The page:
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Peter S

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    2020 GMC Sierra 1500

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Enthusiast (2/11)



  1. Installed new leaf springs, cut some big holes in the bed, and installed the bedcage and new shocks. New setup should be almost twice the wheel travel as stock.
  2. Finally got a bumper custom made for my truck. Tabbed for 6 Baja designs XL80 lights. Been a little over a year since the stock bumper came off when the fiberglass and suspension was installed.
  3. I believe they are cast steel so you should be able to weld a gusset. I've thought of that, but have never gotten around to checking clearances and what would be able to fit. I know Toyota guys have to do it since their spindles are even thinner. Haven't had to bring the truck in for warranty since I've had parts installed. I'm sure anything transmission or anything after transmission on the drivetrain, they'd really kick up a fuss about. Truck is already at 36k miles so I only have powertrain warranty remaining on the truck now. I'm curious if the ZR2 front diff will be an easy swap to non-ZR2 trucks. I'm hoping it means that companies will start making gears for the current generation front differentials though. I'd really like to swap to 4.10 gears, but there still is nothing available for the front differential. I don't personally know anyone that has bought a ZR2 or AT4x though.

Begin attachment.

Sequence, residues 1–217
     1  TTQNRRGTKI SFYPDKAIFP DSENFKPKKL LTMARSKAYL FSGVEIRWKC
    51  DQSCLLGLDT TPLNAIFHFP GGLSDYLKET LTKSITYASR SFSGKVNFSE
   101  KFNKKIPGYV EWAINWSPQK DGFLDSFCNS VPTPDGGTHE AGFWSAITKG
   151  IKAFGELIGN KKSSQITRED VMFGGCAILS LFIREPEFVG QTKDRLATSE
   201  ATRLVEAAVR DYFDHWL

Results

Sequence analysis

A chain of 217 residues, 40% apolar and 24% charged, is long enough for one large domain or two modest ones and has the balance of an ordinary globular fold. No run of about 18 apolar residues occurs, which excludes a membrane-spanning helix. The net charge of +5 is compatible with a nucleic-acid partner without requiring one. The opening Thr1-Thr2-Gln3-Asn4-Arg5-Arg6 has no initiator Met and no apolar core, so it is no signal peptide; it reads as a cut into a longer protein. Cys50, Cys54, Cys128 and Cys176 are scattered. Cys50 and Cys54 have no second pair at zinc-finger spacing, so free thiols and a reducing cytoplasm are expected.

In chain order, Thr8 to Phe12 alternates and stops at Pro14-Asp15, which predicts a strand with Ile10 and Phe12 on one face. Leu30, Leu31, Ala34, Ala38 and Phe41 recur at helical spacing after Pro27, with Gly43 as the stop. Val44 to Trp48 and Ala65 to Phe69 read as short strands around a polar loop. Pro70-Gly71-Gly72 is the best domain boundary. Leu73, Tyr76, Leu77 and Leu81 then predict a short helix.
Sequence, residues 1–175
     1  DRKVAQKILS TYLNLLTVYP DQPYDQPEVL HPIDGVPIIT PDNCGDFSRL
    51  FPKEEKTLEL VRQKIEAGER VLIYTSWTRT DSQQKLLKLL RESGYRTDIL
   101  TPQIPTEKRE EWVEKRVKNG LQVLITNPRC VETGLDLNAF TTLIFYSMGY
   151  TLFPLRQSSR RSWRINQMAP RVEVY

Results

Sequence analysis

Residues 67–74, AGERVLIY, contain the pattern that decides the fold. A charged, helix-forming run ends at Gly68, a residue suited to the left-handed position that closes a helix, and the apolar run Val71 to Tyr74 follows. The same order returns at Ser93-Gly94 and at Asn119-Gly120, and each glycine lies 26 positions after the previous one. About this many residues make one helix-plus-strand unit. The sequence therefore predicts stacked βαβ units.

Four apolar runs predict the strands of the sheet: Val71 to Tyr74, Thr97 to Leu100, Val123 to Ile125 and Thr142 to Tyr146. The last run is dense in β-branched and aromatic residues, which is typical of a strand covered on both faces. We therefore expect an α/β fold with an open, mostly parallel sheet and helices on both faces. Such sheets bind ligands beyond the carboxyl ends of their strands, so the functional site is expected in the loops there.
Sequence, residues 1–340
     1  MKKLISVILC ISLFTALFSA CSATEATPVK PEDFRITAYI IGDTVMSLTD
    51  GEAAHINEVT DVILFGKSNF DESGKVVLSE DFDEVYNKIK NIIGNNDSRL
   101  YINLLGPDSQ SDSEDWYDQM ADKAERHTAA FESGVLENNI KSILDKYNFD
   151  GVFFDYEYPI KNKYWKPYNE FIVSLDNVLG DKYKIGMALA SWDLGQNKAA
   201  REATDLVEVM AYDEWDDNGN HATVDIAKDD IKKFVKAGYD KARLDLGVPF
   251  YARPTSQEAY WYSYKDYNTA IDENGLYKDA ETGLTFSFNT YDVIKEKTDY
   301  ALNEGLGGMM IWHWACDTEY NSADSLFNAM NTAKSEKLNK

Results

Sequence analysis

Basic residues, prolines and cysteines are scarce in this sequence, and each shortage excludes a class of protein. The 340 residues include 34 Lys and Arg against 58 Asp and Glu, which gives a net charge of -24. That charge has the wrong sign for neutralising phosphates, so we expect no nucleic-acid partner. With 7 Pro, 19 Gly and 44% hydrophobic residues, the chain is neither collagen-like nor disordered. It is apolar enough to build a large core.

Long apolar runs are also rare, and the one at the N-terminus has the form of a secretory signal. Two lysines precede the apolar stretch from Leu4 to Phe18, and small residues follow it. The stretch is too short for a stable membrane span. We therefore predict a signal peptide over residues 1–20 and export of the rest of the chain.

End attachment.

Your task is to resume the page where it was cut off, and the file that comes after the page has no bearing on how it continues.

4. Yeah they'll fit an OEM replacement coilover and retain the sway bar. Will be a good option if you want something stronger than stock, but don't want to drop thousands more into a full kit. Still looking for someone to make a 4wd capable aftermarket spindle. That'll definitely be the weak point.
  5. I haven't had any issues yet, but I haven't run the truck really hard since I haven't installed the new leafs and bypasses yet. I know the previous gen trucks would have steering rack issues and there were some hydraulic conversions for them.
  6. Yeah, I'll most likely buy some sheets of thin ABS and use some of the mounting locations the original liners used. I'll just cut/heat the ABS to form them into something to covers up some of the engine bay
  7. Never ran without fiberglass, would probably have issues with tires crashing into the fenders. Don't need the oversized inner fenders on the new trucks, 37s clear with the stock ones. I'm probably going to get some ABS to create some splash guards to keep the engine bay a little cleaner.